SUMMARY OF THE INVENTION

This invention provides a read-write system which is capable of operating with a random access memory to overcome the limitations discussed previously. The system of this invention also provides for the reading of first bits of information from the memory at first positions on a synchronous basis relative to clock signals (e.g. 125 MHZ) and the simultaneous reading of second bits of information from, or writing of second bits of information in, the memory at second positions on an asynchronous basis relative to the clock signals without affecting the reading of the first bits of information from the memory.

The system of this invention provides for the sequential activation of a plurality of channels at a reduced frequency, such as twenty five megahertz (25 mhz), in each channel. The system further provides for the introduction to a pair of buses of information from a plurality of pairs of data lines at a frequency corresponding to a clock frequency of one hundred and twenty five megahertz (125 mhz).

The information in the pair of buses is sampled upon the occurrence of a first polarity in synchronizing signals derived from the clock signals and having a frequency of sixty two and one-half megahertz (62.5 mhz) and is evaluated upon the occurrence of a second polarity in the synchronizing signals. The information being evaluated is introduced to a first pair of output lines during the occurrence of the first polarity in the synchronizing signals. The evaluation of the information and prolonged during the the occurrence of the second polarity in the synchronizing signals. The information being evaluated as represented by the signals on the first pair of output lines are is then neutralized upon the next occurrence of the first polarity in such synchronizing signals. Similarly, the information in the pair of buses is sampled upon the occurrence of the second polarity in the synchronizing signals and is evaluated in a second pair or output lines upon the occurrence of the first polarity in the synchronizing signals. The evaluated signals on the first and second pairs of output lines are then processed on an exclusive basis to insure that only one of the evaluated signals can be introduced at any one time to a resultant line.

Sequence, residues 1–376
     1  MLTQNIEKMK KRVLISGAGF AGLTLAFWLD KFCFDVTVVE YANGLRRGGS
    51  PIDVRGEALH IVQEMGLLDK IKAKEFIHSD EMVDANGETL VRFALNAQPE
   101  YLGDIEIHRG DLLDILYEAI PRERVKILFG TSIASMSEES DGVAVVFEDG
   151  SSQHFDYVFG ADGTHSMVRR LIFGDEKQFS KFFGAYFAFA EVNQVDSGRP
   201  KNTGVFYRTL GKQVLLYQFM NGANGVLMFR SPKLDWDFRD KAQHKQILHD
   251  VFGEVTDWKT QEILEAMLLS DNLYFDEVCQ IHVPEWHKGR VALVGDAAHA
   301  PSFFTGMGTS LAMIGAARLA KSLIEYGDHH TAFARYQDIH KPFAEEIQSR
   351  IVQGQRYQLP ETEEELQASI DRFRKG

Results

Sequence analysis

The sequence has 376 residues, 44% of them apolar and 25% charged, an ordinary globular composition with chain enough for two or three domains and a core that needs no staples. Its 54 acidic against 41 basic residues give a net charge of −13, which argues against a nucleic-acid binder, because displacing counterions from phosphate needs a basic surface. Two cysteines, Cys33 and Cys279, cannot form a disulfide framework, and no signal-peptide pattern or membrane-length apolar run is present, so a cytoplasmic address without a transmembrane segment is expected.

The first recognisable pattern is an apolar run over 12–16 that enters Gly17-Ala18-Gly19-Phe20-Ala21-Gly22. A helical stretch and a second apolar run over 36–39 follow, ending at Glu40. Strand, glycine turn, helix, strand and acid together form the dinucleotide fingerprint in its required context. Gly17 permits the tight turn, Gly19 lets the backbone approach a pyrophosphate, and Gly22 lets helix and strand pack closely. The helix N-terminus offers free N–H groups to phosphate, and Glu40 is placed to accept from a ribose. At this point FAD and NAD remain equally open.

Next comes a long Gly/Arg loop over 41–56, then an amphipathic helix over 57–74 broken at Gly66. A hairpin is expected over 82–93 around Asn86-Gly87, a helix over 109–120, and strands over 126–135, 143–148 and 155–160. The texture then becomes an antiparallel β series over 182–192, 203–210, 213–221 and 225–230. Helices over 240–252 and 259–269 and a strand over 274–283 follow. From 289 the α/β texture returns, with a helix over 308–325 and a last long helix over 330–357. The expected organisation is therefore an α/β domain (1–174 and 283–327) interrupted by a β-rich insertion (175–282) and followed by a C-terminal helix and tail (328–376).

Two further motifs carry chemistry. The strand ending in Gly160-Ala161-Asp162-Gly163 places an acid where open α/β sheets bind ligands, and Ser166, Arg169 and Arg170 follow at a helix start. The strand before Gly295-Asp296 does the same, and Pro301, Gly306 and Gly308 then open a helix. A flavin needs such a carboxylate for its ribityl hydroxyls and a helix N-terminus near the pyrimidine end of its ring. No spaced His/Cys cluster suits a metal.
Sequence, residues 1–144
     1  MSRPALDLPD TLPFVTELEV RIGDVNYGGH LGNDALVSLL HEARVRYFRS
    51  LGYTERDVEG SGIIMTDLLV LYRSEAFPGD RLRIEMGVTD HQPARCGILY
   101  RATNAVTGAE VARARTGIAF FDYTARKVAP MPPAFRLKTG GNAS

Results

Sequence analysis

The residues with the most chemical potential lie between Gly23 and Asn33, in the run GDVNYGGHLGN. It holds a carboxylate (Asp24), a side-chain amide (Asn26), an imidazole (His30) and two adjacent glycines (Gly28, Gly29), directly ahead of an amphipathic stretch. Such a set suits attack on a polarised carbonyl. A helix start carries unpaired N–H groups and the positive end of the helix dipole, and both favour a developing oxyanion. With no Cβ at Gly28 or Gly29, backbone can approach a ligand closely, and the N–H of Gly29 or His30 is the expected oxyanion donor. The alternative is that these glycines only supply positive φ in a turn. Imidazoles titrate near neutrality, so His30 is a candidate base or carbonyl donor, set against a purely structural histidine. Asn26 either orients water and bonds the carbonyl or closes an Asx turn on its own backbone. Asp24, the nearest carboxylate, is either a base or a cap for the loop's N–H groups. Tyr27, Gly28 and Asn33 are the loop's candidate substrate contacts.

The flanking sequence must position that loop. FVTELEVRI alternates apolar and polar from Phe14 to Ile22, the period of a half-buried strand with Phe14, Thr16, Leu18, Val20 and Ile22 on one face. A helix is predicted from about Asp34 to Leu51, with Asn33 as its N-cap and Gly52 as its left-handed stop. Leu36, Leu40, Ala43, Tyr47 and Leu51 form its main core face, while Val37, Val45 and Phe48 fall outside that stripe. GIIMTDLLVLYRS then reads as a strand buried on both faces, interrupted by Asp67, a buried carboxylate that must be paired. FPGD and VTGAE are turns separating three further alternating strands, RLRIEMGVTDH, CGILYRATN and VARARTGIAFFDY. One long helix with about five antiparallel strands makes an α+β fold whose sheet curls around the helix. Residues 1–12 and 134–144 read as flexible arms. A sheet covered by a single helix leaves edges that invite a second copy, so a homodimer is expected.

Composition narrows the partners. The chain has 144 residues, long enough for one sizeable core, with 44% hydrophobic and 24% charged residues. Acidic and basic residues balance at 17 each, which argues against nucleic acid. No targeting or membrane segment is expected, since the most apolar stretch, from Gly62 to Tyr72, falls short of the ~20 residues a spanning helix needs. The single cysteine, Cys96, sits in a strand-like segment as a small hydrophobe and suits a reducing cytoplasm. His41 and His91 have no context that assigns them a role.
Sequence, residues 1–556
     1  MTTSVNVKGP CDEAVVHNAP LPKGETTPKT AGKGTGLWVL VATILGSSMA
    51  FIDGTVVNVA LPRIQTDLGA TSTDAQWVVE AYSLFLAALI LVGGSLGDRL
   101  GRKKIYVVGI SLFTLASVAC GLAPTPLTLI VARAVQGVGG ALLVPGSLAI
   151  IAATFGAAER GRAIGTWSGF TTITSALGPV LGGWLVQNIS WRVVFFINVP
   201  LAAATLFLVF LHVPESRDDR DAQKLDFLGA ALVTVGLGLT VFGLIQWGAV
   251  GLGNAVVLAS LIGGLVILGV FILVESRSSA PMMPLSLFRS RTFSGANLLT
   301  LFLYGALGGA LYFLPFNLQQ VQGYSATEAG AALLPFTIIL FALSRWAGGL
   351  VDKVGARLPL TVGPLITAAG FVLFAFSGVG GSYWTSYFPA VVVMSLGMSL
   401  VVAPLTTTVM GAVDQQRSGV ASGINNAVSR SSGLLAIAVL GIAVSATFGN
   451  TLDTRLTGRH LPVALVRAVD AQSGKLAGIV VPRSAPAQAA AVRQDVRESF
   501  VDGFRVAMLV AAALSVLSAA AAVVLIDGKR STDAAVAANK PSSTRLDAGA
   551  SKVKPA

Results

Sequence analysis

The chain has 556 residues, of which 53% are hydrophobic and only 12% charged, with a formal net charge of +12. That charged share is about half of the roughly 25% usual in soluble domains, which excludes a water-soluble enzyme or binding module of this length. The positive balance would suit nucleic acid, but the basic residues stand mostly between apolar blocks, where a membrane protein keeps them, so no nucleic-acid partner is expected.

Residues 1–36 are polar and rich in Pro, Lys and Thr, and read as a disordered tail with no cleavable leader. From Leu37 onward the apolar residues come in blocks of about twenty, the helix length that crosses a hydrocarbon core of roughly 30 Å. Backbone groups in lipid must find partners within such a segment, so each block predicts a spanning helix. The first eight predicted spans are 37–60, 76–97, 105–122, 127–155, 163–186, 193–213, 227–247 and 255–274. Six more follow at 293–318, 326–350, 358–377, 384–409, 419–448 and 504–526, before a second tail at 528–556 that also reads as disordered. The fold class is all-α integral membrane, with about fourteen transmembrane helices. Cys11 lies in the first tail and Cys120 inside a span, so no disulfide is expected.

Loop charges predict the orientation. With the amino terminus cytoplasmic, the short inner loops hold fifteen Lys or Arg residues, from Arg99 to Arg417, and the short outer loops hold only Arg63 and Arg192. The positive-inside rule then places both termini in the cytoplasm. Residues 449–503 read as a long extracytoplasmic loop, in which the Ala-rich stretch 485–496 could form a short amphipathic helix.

BRIEF DESCRIPTION OF THE DRAWINGS

FIG. 1 is a schematic block diagram of a random access memory and of a system for reading first bits of information from first positions in the memory on a synchronous basis relative to clock signals and simultaneously reading second bits of information from, or writing second bits of information in, second positions in the memory on an asynchronous basis relative to the clock signals without having the reading of the first bits of information from the memory affect the reading or writing of the second bits of information;

FIG. 2 is a block diagram of a system for producing synchronizing signals for use in the read-write system of FIG. 1;

FIG. 3 illustrates waveforms of clock signals which are produced by the system shown in FIG. 2;

FIG. 4 is a diagram of circuitry which is used in the read-write system shown in FIG. 1 to read first bits of information from a first position in the memory and simultaneously read second bits of information from, or write second bits of information in, second positions in the memory without having the reading of the first bits of information from the memory affect the reading or writing of the second bits of information;